|Wait Till Helen Comes: A Ghost Story by Mary Downing Hahn.|
Houghton Mifflin, 1986.
I don't think I'll ever outgrown my excitement for Scholastic book club order forms. I am just a big kid. I remember combing through them, looking at the latest paperback offerings, cool if impractical school supplies, Dynamite magazine, and movie tie-in product. Through the club, I read silly young readers' adaptations of Space Camp and The Karate Kid, Part II. My best friend and I discovered The Baby-Sitters Club. And I discovered my favorite ghost story.
A few days ago, I dug out my battered paperback copy of Wait Till Helen Comes by Mary Downing Hahn. I hadn't read it in years, but I remembered it well, probably because I read it about ten times as a fifth and sixth grader.
The story is narrated by twelve-year-old Molly, who moves with her family into an old converted church outside of a small town in Maryland. Molly and her brother, Michael, are frustrated by the move and their family in general. Their mom is a painter and Dave, their stepfather, makes pottery, and the two of them just want to move to the country and concentrate on their work. They expect Molly and Michael to play babysitter to Dave's seven-year-old daughter, Heather. Heather is a real pain. Her mother died in a fire when she was only three, but it's hard to feel sympathy for her now. She is constantly stirring up trouble, lying about how badly the older kids and their mother treat her. She acts much younger than her age. Poor Molly is stuck watching Heather most of the time, as her brother skips out every morning to collect specimens for his nature collections. To make matters worse, there is a very old graveyard on the property, and Heather is drawn to a tiny hidden grave marked only by her own initials. She talks to someone, a girl she calls Helen, and Molly is convinced that Heather has been befriended by a ghost. Of course, no one believes Molly, who seems jumpy and afraid of everything anyway. (Not just the graveyard - the nearby cows make her jumpy, too.)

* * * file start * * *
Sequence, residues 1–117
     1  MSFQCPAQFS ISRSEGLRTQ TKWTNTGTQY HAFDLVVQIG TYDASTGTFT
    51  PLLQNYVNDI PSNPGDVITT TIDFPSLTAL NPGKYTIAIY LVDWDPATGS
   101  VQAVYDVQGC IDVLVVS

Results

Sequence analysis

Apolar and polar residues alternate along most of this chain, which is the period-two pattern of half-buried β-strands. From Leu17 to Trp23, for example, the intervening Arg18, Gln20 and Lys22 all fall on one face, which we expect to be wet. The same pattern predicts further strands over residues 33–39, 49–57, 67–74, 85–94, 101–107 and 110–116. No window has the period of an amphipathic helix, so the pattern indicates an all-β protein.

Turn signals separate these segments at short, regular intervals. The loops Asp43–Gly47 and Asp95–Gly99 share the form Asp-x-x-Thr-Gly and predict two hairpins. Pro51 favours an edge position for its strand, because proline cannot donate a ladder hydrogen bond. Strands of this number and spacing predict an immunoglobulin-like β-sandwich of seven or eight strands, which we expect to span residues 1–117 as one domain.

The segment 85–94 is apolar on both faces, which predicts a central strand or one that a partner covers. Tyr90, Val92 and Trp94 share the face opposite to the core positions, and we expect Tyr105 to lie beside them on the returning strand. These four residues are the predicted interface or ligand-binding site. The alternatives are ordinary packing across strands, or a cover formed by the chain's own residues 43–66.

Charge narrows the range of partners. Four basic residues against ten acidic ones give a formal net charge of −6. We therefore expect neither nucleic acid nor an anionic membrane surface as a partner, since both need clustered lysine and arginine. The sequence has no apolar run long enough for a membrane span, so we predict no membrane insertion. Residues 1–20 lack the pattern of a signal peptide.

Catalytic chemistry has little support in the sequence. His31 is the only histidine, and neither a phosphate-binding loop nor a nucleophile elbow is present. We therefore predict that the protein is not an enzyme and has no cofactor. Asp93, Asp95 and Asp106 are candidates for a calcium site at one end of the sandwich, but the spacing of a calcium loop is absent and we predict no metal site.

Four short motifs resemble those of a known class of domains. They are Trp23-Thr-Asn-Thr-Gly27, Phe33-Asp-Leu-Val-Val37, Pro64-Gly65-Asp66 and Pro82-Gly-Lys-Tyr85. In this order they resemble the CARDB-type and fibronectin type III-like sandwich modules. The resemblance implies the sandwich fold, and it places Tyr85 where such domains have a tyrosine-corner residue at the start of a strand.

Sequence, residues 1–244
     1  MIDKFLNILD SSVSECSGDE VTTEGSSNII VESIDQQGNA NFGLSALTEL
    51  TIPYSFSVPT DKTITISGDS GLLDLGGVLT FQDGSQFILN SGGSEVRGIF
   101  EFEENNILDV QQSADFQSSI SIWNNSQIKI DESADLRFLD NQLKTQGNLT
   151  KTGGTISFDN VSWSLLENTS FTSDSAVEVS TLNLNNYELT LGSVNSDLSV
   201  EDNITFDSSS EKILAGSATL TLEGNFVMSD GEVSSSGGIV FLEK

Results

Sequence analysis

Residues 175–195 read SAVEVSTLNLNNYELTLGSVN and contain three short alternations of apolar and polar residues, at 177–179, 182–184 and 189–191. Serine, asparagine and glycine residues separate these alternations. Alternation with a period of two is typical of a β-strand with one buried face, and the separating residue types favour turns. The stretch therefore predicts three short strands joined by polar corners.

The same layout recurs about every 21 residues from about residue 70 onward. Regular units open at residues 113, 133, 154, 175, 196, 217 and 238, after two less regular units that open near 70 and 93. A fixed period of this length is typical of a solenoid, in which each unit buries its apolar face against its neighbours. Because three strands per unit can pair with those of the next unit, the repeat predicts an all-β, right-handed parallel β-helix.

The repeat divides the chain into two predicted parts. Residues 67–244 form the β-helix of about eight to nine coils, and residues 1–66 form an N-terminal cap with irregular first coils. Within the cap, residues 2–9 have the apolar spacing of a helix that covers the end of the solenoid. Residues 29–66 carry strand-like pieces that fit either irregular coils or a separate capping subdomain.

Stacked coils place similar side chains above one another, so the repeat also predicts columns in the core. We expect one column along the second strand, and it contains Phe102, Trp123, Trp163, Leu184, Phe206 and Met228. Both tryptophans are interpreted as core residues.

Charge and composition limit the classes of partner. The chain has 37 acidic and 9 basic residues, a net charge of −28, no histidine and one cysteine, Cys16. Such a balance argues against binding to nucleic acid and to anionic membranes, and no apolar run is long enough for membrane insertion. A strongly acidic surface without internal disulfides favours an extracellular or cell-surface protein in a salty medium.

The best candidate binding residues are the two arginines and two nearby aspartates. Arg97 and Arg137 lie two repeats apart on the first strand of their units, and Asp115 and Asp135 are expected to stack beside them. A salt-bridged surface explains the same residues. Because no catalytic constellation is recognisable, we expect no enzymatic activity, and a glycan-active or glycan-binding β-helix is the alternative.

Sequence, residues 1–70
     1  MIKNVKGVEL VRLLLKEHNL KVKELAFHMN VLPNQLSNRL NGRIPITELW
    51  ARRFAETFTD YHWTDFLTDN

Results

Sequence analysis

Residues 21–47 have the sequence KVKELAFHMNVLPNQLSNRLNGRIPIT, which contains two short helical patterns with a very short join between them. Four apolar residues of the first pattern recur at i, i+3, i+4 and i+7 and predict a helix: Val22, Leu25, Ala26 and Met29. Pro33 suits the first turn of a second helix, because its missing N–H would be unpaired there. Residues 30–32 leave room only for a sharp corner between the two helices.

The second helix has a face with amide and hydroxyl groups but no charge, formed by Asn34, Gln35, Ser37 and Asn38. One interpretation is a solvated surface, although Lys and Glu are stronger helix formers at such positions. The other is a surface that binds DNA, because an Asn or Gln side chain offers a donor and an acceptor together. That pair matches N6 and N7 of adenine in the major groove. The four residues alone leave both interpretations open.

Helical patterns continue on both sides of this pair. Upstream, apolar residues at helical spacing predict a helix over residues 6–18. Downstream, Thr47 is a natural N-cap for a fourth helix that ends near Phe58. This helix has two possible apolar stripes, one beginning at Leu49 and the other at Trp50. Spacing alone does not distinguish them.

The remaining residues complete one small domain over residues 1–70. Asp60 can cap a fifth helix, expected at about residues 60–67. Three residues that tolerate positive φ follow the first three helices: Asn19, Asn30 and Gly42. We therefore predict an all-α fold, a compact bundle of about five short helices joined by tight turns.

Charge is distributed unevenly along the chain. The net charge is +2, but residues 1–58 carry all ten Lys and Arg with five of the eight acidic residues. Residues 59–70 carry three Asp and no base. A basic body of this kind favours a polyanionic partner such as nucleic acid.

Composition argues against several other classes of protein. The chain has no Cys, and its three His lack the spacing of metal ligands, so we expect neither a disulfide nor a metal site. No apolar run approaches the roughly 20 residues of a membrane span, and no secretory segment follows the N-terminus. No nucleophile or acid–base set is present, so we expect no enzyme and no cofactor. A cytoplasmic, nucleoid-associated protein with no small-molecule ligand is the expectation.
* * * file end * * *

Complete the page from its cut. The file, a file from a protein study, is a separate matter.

I loved this book as a kid. As an adult, there are things that make me giggle now. I recognize some of more stereotypical plot conventions: old church and graveyard, ruins of an old house, etc. Moreover, I wonder how these two artists can afford this move. I want to scream at them to watch Heather themselves, instead of foisting her onto poor Molly and Michael, especially since Heather is such a monstrous little brat. The ending of the book, especially Heather and Molly's relationship, seems too neat and simple. But for a kid wanting to be spooked, this book is still rather perfect. It's scary, but not too scary.
Mary Downing Hahn is best-known today for her ghost stories. When I was a bookseller, the only books by her that lined the shelves in the Young Readers section were the scary ones, including this one with its latest cover. (I placed a hold on the other book I remember from the late '80s, The Doll in the Garden. Hope it arrives soon!) The only other book I own by Hahn is a non-ghost story, Daphne's Book, which I loved even more than this one. It's sitting on the shelf in the reading nook closet, in fact.
I know some of you probably know this one. What "scary" books did you love as a kid?
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